From around 1900 until the 1950s, when Jonas Salk developed his polio vaccine, the US and other developed countries were stalked by the fear of polio, the dreaded crippler of healthy children and adults. The treatment of polio rested on certain beliefs for which the medical community believed it had ample scientific evidence. Among these was the belief that the polio virus attacked the central nervous system and only the central nervous system--paralysis was the result of lesions on the parts of the brain that controlled those body parts. It was also believed that this caused affected muscles to be flaccid.
Treatment centered around immobilizing the limbs, and even the whole body, with splints or casts. Life-long crippling was believed to be inevitable, and the goal was to avoid deformities and keep the limbs straight and normal-appearing. There were few prospects for the permanently crippled, and institutionalization was frighteningly common.
The person who changed this was not Jonas Salk with his vaccine. He came later. The first liberator of the polio-afflicted was an eccentric Australian bush nurse, Sister Elizabeth Kenny.
Kenny was born in 1880, and after an extended stay with a doctor when she was ill as a child, she developed an interest in medicine and nursing. She worked for years as a bush nurse--the only easily accessible health care in much of small town and wilder regions of Australia. She served as a nurse in the Australian army during World War One (where she acquired the title "Sister," the title that the British and Australians give to senior nurses.) When she returned home after the war and resumed her bush nurse practice, she found herself dealing with growing numbers of polio patients. Without the medical education of a registered or graduate nurse, and with no doctors or hospital nearby, she developed a therapy plan based on her own careful observation of symptoms. Where doctors saw some muscles flaccid, she saw other muscles in spasm, and treated her patients with hot packs, manipulation, and exercise. She concluded that the polio virus did not limit itself to the nervous system, but directly affected muscles and skin.
This was turning not only the treatment but the understanding of polio on its head, and when Sister Kenny took her new therapy and new theory first to Brisbane and then to the UK and the US, she was embarking on a years-long struggle to be heard and to have both her therapy and her theory accepted by the medical profession.
Rogers gives us an enlightening view of Kenny, her supporters, and her critics, in Australia and in her second home in Minnesota in the US. Kenny was such a strong personality, hard-headed and often abrasive, and truly objective information is hard to come by; people loved her or hated her. She was not deferential toward doctors, as both gender and class expectations required; she tended to regard all questions as challenges; and she was so certain she was right that the prospect of controlled studies of her therapy vs. traditional polio therapy seemed deeply unethical and unacceptable. She was also, as mentioned before, abrasive, intolerant of questions, and a much better clinician than a teacher. She didn't make it easy for people to give up their own strongly-held views and adopt hers, instead.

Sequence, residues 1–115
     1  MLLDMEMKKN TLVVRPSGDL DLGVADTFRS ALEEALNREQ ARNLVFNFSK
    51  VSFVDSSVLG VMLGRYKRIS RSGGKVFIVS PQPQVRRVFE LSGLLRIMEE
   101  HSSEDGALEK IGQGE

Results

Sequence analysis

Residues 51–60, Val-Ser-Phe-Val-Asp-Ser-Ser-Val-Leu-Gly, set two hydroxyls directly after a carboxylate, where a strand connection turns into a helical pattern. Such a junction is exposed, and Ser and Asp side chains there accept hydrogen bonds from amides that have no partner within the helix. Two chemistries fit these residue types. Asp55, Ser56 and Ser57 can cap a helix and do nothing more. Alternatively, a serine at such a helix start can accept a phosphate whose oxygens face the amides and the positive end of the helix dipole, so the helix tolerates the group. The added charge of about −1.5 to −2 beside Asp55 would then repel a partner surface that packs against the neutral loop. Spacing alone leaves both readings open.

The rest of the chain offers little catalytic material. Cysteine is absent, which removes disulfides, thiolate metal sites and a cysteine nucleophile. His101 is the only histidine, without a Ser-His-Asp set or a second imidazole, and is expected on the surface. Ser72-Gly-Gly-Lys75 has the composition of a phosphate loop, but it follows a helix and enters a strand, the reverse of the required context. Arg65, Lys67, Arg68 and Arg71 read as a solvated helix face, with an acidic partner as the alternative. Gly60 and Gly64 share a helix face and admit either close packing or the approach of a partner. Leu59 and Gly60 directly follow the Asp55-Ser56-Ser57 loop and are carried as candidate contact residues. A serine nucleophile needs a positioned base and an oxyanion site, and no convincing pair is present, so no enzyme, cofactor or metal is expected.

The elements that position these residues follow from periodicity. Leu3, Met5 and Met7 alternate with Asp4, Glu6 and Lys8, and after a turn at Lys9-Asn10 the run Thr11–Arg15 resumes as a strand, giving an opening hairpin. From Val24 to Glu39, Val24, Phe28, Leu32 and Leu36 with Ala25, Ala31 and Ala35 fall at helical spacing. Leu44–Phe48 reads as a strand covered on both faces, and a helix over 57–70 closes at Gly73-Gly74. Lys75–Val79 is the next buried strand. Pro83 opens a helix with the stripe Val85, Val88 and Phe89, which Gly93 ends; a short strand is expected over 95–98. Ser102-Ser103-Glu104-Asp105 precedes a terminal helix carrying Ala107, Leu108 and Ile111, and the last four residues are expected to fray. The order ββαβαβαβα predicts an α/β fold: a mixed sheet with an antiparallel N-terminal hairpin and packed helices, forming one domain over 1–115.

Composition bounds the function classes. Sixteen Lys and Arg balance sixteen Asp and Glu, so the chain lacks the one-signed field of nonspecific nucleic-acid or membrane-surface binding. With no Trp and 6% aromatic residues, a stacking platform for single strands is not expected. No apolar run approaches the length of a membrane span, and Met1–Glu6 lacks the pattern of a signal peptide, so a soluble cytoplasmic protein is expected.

On the other hand, her opponents disliked her therapy in part because she was a nurse demanding to be taken seriously as a medical innovator, and in part because her findings were "empirical"--based on her own clinical experience and observations--rather than "scientific," derived from laboratory work.
Rogers follows Kenny through her years of teaching, promoting, proselytizing her polio therapy, in Australia and the country of her greatest success and greatest frustration, the US. She gives us what is probably as balanced a view of Kenny as is possible. This is a woman who had a tremendous impact on polio treatment, yes, but also on medical attitudes to all crippling diseases and rehabilitation of patients suffering from those diseases or from physical handicaps due to injury. She was a celebrity in America, with friends and connections everywhere, including Hollywood, but rather less so in Australia.
Kenny's fame faded quickly after her death, in part because she died in 1952, just a few years before Salk created the first effective polio vaccine. She revolutionized the treatment of polio, and then treatment of polio became irrelevant in the developed world. That's an excellent development for all of us, but Kenny ought to be better remembered than she is.
I received a free electronic galley of this book from the publisher via NetGalley.